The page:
Journal copyright restrictions and actual open access availability: a study of articles published in eight top information systems journals (2010–2014)
- 831 Downloads
Most scholarly journals have explicit copyright restrictions for authors outlining how published articles, or earlier manuscript versions of such articles, may be distributed on the open web. Empirical research on the development of open access (OA) is still scarce and methodologically fragmented, and research on the relationship between journal copyright restrictions and actual free online availability is non-existent. In this study the free availability of articles published in eight top journals within the field of Information Systems (IS) is analyzed by observing the availability of all articles published in the journals during 2010–2014 (1515 articles in total) through the use of Google and Google Scholar. The web locations and document versions of retrieved articles for up to three OA copies per published article were categorized manually. The web findings were contrasted to journal copyright information and augmented with citation data for each article. Around 60 % of all published articles were found to have an OA copy available. The findings suggest that copyright restrictions weakly regulate actual author-side dissemination practice. The use of academic social networks (ASNs) for enabling online availability of research publications has grown increasingly popular, an avenue of research dissemination that most of the studied journal copyright agreements failed to explicitly accommodate.
KeywordsOpen access Copyright Information systems Academic social networks
- Archambault, E., Amyot, D., Deschamps, P., Nicol, A., Provencher, F., Rebout, L., and Roberge, G. (2014). Proportion of open access papers published in peer-reviewed journals at the European and world levels: 1996–2013. Science-Metrix report. Produced for the European commission DG research and innovation. http://science-metrix.com/files/science-metrix/publications/d_1.8_sm_ec_dg-rtd_proportion_oa_1996-2013_v11p.pdf. Accessed 1 Jul 2016.
- Beall, J. (2013). The Open-access movement is not really about open access. tripleC, 11(2), 589–597. http://triplec.at/index.php/tripleC/article/view/525. Accessed 1 Jul 2016.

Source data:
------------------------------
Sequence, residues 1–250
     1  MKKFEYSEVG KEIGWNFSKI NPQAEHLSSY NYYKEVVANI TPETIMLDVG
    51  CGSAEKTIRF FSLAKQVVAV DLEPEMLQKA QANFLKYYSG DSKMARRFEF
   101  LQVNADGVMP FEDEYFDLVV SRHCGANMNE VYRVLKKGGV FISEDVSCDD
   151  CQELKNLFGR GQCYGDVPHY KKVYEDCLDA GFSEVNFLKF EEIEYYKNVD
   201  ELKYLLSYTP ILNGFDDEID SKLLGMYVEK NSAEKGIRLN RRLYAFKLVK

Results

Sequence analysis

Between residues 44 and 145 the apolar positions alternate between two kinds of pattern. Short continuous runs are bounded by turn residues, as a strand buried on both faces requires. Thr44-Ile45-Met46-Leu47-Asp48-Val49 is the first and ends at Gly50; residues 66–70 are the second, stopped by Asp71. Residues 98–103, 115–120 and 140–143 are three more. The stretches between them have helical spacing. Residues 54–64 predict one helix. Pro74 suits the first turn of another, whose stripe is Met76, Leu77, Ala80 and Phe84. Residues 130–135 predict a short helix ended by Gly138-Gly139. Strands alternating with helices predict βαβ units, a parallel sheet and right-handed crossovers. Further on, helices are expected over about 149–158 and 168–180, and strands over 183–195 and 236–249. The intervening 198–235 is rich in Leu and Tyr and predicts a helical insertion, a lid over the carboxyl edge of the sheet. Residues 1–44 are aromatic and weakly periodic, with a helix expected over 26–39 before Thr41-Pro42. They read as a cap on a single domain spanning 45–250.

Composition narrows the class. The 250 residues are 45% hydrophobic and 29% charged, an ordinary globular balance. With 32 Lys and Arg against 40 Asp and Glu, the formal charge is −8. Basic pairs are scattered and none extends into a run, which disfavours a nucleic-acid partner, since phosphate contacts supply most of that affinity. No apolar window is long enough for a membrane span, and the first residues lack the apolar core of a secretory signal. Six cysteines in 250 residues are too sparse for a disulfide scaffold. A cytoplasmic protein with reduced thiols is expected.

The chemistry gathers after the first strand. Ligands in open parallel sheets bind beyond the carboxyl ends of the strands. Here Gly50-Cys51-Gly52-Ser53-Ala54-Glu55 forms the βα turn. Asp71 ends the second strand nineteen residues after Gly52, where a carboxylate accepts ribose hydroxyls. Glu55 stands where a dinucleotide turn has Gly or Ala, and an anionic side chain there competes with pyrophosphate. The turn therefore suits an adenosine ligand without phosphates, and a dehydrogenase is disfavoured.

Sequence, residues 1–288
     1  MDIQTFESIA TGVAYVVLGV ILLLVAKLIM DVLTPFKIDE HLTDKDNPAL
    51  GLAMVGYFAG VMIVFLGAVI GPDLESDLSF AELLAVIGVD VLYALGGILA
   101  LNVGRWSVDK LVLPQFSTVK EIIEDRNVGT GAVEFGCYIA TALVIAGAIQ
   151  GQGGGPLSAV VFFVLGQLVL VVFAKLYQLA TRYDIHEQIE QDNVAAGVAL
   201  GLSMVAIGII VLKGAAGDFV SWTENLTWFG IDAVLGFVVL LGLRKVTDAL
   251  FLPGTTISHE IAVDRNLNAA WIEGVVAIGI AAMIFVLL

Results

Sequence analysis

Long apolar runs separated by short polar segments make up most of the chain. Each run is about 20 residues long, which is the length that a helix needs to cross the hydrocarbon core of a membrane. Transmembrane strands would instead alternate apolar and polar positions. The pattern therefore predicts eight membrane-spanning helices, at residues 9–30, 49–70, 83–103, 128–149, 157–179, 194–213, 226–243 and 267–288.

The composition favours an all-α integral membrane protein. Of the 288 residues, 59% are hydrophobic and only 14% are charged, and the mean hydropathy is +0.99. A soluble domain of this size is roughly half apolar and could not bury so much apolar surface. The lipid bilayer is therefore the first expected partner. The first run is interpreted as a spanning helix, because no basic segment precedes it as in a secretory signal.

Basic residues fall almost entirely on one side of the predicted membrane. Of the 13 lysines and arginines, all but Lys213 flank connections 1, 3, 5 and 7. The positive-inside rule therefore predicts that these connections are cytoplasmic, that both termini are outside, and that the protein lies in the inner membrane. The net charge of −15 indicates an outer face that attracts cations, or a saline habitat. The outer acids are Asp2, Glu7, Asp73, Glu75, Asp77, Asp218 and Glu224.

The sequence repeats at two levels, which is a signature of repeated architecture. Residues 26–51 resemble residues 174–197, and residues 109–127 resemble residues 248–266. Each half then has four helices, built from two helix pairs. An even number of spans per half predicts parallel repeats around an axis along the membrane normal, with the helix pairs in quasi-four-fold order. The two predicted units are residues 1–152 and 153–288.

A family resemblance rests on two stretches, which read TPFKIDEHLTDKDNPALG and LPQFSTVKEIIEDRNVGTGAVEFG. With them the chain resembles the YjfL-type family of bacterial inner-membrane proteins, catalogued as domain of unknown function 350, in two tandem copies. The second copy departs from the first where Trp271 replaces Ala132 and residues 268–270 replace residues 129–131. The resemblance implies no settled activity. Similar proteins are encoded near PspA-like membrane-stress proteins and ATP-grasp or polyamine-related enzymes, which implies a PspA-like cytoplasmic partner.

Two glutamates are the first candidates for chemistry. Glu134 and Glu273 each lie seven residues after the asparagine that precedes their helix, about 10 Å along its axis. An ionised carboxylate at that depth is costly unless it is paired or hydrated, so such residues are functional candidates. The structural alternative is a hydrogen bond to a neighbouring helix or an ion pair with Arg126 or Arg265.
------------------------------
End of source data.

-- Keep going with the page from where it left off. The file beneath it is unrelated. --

- Björk, B-C., Welling, P., Laakso, M. (2011). Open accessibility to information systems research articles. In Proceedings of the 2011 ECIS Conference. Paper 149. http://aisel.aisnet.org/cgi/viewcontent.cgi?article=1148andcontext=ecis2011. Accessed 1 Jul 2016.
- Gargouri, Y., Lariviére, V., Gingras, Y., and Harnad, S. (2012). Green and gold open access percentages and growth, by discipline. In E. Archambault, Y. Gingras, and V. Lariviére (Eds.), In Proceedings of 17th international conference on science and technology indicators. Montréal: Science-Metrix and OST. http://sticonference.org/Proceedings/vol1/Gargouri_Green_285.pdf. Accessed 20 Aug 2015.
- Harnad, S. (1995). Electronic scholarly publication: Quo vadis? Serials Review, 21(1), 70–72. http://cogprints.ecs.soton.ac.uk/archive/00001691/00/harnad95.quo.vadis.html.
- Kingsley, DA., Kennan, MA. (2015). Open access: The whipping boy for problems in scholarly publishing, Communications of the Association for Information Systems. 37(1), 329–350. http://aisel.aisnet.org/cais/vol37/iss1/14. Accessed 1 Jul 2016.
- Lindman, J. (2015). Open access: A cause, but not the cause. Communications of the Association for Information Systems, 37(1), 352–356. Available at: http://aisel.aisnet.org/cais/vol37/iss1/15. Accessed 20 Aug 2015.
- Lowry, P.B., Moody, G., Gaskin, J., Galletta, D.F., Humpherys, Sean, Barlow, J., and Wilson, D. (2013). Evaluating Journal Quality and the Association for Information Systems (AIS) Senior Scholars’ Journal Basket via Bibliometric Measures: Do Expert Journal Assessments Add Value? MIS Quarterly, 37(4), 993–1012. http://aisel.aisnet.org/cgi/viewcontent.cgi?article=3136andcontext=misq. Accessed 20 Aug 2015.
- Martín-Martín, A., Orduña-Malea, E., Ayllón, J.M. and Delgado López-Cózar, E. (2014). Does Google Scholar contain all highly cited documents (1950–2013)? EC3 Working Papers, 19. http://arxiv.org/pdf/1410.8464v4.pdf. Accessed 1 Jul 2016.
- Myers, M., Liu, F. (2009) What does the best is research look like? An analysis of the ais basket of top journals. PACIS 2009 Proceedings, 61. http://aisel.aisnet.org/pacis2009/61.
- oad.simmons.edu-Disciplinary repositories. http://oad.simmons.edu/oadwiki/Disciplinary_repositories. Accessed 27 Mar 2016.
- opendoar.org-The Directory of open access repositories. http://www.opendoar.org Accessed 20 Aug 2015.
- ResearchGate (2015). Celebrating seven million members and seven years of ResearchGate. Retrieved August 13, 2015, from https://www.researchgate.net/blog/post/celebrating-seven-million-members-and-seven-years-of-researchgate.
- ResearchGate (2015). ResearchGate fact sheet. Retrieved August 13, 2015, from http://www.researchgate.net/aboutus.AboutUsPress.downloadFile.html?name=rg_fact_sheet.pdf.
- SHERPA/RoMEO (2016) SHERPA/RoMEO: Publisher copyright policies and self-archiving. http://www.sherpa.ac.uk/. Accessed 20 Aug 2015.
- SPARC (2015) SPARC-The open access citation advantage: List of studies and results to date. http://sparceurope.org/oaca_table/. Accessed 27 Mar 2016.
- Suber, P. (2012). Open access. MIT Press. http://mitpress.mit.edu/books/open-access. Accessed 20 Aug 2015.
- Willinsky, J. (2005). The access principle: the case for open access to research and scholarship. MIT Press. http://mitpress.mit.edu/books/access-principle.